By Patrick Marley of the Journal Sentinel -
Madison — The state Court of Appeals said Monday it intends to decide within a week whether to stay a ruling that found Gov. Scott Walker's labor commissioners in contempt of court.
Attorney General J.B. Van Hollen on Friday asked the court to rule in the commissioners' favor by Tuesday so the commissioners could begin union certification elections by this Friday, as it had planned.
The Madison-based District 4 Court of Appeals said that was too fast and the unions involved in the case deserved a chance to weigh in. It ordered the unions to file a response by Wednesday and said it planned to issue a decision by Nov. 4.
Monday's order was the latest development in the ongoing legal fight over Act 10, the 2011 law by Gov. Scott Walker that greatly restricted the ability of public workers to engage in union activities.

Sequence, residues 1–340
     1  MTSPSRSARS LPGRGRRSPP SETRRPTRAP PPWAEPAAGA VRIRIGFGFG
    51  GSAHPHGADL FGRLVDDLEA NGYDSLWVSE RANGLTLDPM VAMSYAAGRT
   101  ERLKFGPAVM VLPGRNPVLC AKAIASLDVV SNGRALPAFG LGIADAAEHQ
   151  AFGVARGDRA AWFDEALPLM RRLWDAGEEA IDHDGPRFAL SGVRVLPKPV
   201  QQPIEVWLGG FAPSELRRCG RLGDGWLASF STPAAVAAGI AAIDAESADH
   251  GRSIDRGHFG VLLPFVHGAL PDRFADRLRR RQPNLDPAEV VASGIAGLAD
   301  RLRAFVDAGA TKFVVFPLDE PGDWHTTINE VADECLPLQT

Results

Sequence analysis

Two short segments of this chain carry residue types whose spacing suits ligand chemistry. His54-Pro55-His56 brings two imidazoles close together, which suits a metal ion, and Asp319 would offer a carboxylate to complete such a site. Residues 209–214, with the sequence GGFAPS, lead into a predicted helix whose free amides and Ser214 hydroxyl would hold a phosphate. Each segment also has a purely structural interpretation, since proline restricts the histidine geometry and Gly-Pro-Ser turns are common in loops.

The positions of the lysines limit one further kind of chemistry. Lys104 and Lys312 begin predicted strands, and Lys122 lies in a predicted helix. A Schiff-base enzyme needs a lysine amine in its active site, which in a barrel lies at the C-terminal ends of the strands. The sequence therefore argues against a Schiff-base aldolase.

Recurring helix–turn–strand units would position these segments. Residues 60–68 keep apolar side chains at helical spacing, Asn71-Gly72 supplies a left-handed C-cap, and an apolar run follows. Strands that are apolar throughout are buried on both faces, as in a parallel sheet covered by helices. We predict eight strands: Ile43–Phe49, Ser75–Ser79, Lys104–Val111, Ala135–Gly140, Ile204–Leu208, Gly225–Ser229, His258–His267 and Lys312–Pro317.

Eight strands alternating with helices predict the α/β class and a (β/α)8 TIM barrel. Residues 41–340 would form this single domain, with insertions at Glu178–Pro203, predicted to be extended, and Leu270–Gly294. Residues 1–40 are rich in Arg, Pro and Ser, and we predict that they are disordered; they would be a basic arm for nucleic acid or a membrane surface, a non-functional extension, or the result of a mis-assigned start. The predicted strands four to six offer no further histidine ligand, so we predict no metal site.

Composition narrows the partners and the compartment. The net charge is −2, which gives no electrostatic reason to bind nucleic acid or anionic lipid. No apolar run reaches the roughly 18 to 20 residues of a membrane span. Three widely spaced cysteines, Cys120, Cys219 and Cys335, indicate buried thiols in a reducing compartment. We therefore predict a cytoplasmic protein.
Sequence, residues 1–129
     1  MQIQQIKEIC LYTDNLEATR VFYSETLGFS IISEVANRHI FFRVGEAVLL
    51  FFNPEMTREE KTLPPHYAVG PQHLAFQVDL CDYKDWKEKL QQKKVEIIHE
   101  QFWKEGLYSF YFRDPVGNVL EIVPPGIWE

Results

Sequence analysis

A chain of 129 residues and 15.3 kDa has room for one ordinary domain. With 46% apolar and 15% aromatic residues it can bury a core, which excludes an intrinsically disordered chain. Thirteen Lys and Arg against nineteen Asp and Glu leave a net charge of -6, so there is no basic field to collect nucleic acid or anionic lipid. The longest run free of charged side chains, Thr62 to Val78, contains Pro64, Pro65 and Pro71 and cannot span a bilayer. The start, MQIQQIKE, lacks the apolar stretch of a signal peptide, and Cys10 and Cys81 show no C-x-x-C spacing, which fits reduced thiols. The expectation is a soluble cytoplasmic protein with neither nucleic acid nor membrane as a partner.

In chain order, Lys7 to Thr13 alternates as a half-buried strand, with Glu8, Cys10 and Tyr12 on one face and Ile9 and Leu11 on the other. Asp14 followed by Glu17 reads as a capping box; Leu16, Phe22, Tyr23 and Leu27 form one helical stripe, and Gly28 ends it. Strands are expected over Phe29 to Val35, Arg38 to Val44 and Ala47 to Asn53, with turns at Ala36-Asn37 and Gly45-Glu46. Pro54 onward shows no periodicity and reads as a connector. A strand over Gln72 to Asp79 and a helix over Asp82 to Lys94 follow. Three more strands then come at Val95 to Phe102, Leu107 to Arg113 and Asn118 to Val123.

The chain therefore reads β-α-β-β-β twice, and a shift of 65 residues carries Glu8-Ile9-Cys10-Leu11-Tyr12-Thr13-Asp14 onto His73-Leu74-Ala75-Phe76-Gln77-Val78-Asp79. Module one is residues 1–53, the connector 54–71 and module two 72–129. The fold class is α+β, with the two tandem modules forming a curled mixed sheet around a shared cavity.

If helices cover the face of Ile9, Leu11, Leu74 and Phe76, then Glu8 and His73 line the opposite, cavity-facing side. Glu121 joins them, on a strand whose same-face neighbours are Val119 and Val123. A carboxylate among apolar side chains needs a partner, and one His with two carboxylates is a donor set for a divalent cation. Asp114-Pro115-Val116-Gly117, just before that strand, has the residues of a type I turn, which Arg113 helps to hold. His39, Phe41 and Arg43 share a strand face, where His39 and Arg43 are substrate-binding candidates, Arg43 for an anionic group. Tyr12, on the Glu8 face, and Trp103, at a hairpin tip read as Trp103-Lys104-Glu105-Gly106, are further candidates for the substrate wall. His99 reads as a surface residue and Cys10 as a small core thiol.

If the court rules by Nov. 4 for the commissioners, the union elections would start later than planned but would be completed by Dec. 1. If it rules against the commissioners, the unions would be allowed to remain in place indefinitely without having to hold annual certification elections.
The court noted, however, that its plans could change depending on what the state Supreme Court does. In addition to filing his request with the Court of Appeals, Van Hollen on Friday also asked the Supreme Court to stay the case.
Dane County Judge Juan Colás last year found Act 10 was unconstitutional for teachers and local government workers, saying it violated their guarantee of equal protection under the law and infringed on their freedom-of-association rights.
Last week, he found Walker's two labor commissioners in contempt of court because they had not abided by his earlier ruling.
The judges hearing the case on the Court of Appeals are Brian Blanchard, Paul Higginbotham and Paul Lundsten.